Rene Y. Robinson-Flowers, Pinellas County School Board Member District 7
ST. PETERSBURG — This past Tuesday, July 26, a historic moment during my tenure as a school board member was achieved. In a 6 to 1 vote, Pinellas County Schools officially took over the operations formerly known as University Preparatory Academy as a public school. The Department of Education out of Tallahassee provided the district with its seal of approval and formal number to operate as a K-8 school.
During the discussion, there were a few noted questions of concern, which led to the voting outcome. Such questions are warranted, particularly when there are so many moving parts in such a short period of time. I want to take this moment to address those questions (and a few others) so that those individuals who read The Weekly Challenger — or have associates/friends/ family members who do — will not be left with the sole description written in the Tampa Bay Times.
The primary concern was that of the “proposed” purchase price of the facility after the one year rent free agreement between PCS and the landlord CA Tampa Bay 1701 10SLLC. Under Article III Purchase Option, “The Purchase Option Price” is $7,578,404.00. The time frame by which to begin to express an interest in exercising this option is July 2017.
Having said that, the district sold the property for $1.1 million dollars to UPA. The building, which formerly occupied as Southside Fundamental School, had been closed for quite some time. There was no central heat and air, there were no elevators, the building was not ADA compliant, the basketball courts and overhead coverings were not there, the roof was in total disrepair as well as other electrical and mechanical items.
Since the occupation of UPA and ownership of CA Tampa Bay, the Property Appraisers Office currently cites the following values:
• July 23, 2013, Commercial Add, $4,494,000.00
• Nov 6, 2014, Commercial Add, $9,830.00
• Dec 30, 2014, Roof, $7,462.00
• Apr 24, 2015,Roof, $2,951.00
• Current Property Value, $4,514,243.00
This description takes into account the garage, loading dock, basketball court and the asphalt, however it does not take into account the additional land that accompanies the property to the west of the building.
In addition, the district, as other governmental entities operating with taxpayer dollars, cannot spend more on a purchase (property) than the appraised value of the property. Said appraisals have not occurred as of yet. Appraisers must follow the Uniform Standards of Professional Appraisal Practices, which among other things requires that they provide an unbiased opinion.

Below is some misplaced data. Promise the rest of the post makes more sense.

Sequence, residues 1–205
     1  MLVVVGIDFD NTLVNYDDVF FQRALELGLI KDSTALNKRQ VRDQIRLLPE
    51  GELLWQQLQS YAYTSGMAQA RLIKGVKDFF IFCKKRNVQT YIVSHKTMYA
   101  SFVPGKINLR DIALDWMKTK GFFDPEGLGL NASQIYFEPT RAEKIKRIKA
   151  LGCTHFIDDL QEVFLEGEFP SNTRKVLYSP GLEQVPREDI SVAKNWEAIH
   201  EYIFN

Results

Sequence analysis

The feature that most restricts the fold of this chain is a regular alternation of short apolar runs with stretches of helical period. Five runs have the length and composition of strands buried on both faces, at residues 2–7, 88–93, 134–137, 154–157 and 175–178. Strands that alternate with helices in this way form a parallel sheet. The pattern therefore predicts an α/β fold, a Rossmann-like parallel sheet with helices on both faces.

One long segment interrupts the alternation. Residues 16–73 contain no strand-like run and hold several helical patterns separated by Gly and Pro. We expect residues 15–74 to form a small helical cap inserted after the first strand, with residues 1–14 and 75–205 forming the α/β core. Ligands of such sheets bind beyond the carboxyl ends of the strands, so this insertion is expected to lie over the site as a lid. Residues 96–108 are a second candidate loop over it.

Those appraisals will be based on an inspection of the facility, highest and best use, comparable facilities of same/similar square footage and or size and current market value as well as any additional amenities. From that point, the parties have an opportunity to enter into negotiations based on the analysis of the appraisal.
The landlords have agreed to allow the district to operate rent free for the 2016-17 school year, with the understanding that the district would cover the property insurance. In light of the circumstances, this most certainly is an appropriate request.
My initial discussions with the superintendent since the beginning whispers of the closing of this charter school have been that the district should assume responsibility of this facility. While charter schools are an option and certainly a choice for parents and students, Pinellas County has been involved with several unfortunate opportunities that have left our children and families in a precarious position. This by no means is an indictment on those charters that operate with efficiency and transparency. To those schools-HATS OFF!
As for the naming of the school, thank you to my colleagues for expressing your support of the name “Midtown Academy.” The name exudes unification with excellence and denotes a description of hardship, inabilities, and failure.
Portia Slaughter, principal and other staff members are working vigorously to assure that work stations, technology, books, transportation, meals and the like are all in place and ready for the start of school, which is August 10.
After school services will be provided by “Master Kids Camp” founded by Shirley Proctor Puller and the City of St. Petersburg Recreation Department. This will allow for a continued enriching learning environment for the students.
It does not end here; we need and want your support. Mentoring and volunteer opportunities abound. I would like to enlist you as a new or returning recruit. Please go on line to pcsb.org or call 727-588-6000 and ask for Dr. Valerie Brimm. She or a member of her staff can assist you with the application process.
I am extremely grateful for all of the support given to the students, families and staff of UPA, now Midtown Academy. This was a jolt that one cannot truly prepare for in advance. It is my hope that the community senses the sincerity in Pinellas County Schools to put students first.
As a member of the board, certainly not having the only vote nor the final say, I can affirm that my intentions have been and will be to maintain Midtown Academy as a fully functioning K-8 school in Pinellas County—owned and operated by Pinellas County Schools. Like First Lady Michelle Obama said, “When others go low, we go high”!